The Tipping Point

By Matt Ward


There is a new military build-up taking place within Syria between three major power blocs. At this point it is unclear whether this militarization is in sync or whether these power blocs are at odds with one other. The silence surrounding this major military escalation from all sides though, is ominous.

In the Kurdish areas of Northern Syria, Russia and America have begun a major military build-up in a narrow strip of land sitting right on the Syrian-Turkish border. Facing this growing U.S.-Russian build-up is a parallel Turkish build-up on the other side of the border, from within Turkey.

In view of the tense and highly strained relations between Russia and Turkey over the recent shooting down by Turkey of a Russian fighter aircraft, it is unlikely that this build-up is coordinated or in unison. They are building-up their forces in order to counter and oppose one another’s mutual military threat.

This in itself is not abnormal. What is abnormal though is how close this Russian and American build up is to the Turkish border, how extremely narrow the strip of land is that America and Russia are amassing their forces on, and how easy it would be for a misunderstanding or some form of human error to spark a conflagration that may well escalate beyond our ability to predict, or their ability to control.

This is a highly charged convergence of three opposing armies and air forces, all operational in one tiny area just 85 km long. Major wars have begun in such a way.

The Americans have made a base at the small Remelan Airport. Quickly bringing in Special Forces troops and attack helicopters they have now effectively occupied the airport. American engineers have worked fast to widen the airport landing strip so that larger U.S. military aircraft can be accepted there.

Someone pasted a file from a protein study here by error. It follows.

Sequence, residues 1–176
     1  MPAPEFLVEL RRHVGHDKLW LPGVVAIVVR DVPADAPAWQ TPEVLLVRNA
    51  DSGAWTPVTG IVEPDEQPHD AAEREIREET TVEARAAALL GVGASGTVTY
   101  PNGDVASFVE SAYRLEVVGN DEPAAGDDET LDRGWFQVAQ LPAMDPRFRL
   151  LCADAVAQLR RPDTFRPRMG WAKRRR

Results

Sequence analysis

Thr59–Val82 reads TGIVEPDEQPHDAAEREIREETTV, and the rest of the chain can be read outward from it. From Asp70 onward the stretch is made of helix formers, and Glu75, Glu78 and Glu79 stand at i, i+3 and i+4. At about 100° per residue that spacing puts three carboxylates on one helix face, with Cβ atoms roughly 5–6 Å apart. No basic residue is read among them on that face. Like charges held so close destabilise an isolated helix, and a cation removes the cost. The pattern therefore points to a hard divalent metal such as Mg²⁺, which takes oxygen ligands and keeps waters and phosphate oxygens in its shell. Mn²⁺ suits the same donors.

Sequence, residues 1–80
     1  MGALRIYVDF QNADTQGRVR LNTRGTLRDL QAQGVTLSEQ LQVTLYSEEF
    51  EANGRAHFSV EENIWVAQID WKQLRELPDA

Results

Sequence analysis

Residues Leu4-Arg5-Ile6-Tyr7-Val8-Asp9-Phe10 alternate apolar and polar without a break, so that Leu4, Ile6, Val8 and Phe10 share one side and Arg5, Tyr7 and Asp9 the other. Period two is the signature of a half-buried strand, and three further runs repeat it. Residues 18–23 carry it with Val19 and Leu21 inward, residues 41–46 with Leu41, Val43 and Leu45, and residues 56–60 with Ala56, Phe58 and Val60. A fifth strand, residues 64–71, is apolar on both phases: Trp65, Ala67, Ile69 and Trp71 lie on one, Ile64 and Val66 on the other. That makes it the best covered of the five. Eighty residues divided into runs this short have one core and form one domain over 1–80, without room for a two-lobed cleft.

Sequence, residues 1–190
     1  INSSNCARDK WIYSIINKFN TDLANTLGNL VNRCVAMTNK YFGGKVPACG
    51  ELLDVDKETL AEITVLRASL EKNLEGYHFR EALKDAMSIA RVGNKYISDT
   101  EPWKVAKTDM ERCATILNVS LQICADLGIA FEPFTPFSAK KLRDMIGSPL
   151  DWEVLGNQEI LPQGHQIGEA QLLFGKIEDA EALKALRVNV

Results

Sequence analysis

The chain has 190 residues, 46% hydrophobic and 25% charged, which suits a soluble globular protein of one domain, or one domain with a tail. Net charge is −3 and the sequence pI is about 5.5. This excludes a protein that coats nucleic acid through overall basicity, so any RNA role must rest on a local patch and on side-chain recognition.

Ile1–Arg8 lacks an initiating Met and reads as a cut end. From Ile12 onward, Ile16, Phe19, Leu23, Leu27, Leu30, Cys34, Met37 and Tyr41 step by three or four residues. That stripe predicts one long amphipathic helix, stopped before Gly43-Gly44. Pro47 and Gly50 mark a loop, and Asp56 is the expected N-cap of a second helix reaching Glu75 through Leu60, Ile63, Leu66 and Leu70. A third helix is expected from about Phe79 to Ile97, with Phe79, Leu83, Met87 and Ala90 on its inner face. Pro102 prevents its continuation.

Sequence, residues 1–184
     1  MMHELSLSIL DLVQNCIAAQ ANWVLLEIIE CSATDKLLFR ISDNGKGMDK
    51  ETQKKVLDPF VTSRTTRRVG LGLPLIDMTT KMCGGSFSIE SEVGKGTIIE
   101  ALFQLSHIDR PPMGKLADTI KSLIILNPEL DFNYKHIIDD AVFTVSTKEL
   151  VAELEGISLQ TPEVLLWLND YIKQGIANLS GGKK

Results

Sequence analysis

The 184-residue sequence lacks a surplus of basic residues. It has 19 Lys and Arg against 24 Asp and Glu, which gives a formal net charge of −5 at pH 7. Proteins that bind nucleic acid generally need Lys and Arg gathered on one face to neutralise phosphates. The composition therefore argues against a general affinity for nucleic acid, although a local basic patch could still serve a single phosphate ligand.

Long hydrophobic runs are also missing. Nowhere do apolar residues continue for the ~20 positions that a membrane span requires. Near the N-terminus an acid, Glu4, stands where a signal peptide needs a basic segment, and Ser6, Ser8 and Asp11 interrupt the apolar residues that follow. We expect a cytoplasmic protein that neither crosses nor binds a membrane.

The Russians, in response, have immediately taken over a small abandoned Syrian army air base just 80 km from the U.S. Remelan Air Base. They, too, have brought in Russian Special Forces troops and strike elements of their air force to directly counter the threat posed by the U.S. presence in the same small area. This Russian base is under 4 kilometers from the Turkish border and is now a barrier separating the two NATO allies, the U.S. and Turkey.

At both these bases, as we speak, there is a rapid militarization underway.

To counter this Russian threat, Turkey has arrayed a significant number of tanks and artillery batteries along the border as well as amassing a very large number of troops just three kilometers away from their Russian adversaries.

Turkish President Tayyip Erdogan stated as recently as last month that he will not countenance such an amassing of military equipment right on Turkey’s border, “We have said this from the beginning: we won't tolerate such formations (in northern Syria) along the area stretching from the Iraqi border up to the Mediterranean.”

There are deep suspicions that the Russians have begun to amass their forces so that they can began to penetrate, and then claim territory deep into the Kurdish region of northern Syria. This is a hotly disputed area that Turkey also claims as historical sovereignty.

Turkey have been hamstrung. They know full-well that Russia is just waiting for an opportunity to avenge the recent shooting down of the Su-24 warplane in November, resulting in the deaths of both Russian pilots. As a consequence of this, Turkey must not wrongly put forth a single foot.

However, if Russia moves into the Kurdish region of Northern Syria, Turkey may be obliged to act. If Turkey does move against Russia (if and when they make a move into Northern Syria), their NATO ally America may also be forced to come to Turkey’s defense. That is potentially why the U.S. is also amassing forces in the same Turkish border area.

The more I look at Syria the more the very real specter a significant war between major world powers becomes. In my lifetime, the Middle East has never looked as dangerous or as volatile as it does right now.

I believe that Syria may be approaching a tipping point and a very real danger that almost every military alliance on earth might be sucked into a rapidly escalating conflagration there. It is possible that we are looking at the beginnings of a wider war in Syria taking shape right now.

Syria today is a powder-keg and it looks as though it could blow up at any time. If it does, chaos will surely follow in its wake.

Time is short.

wardmatt1977@gmail.com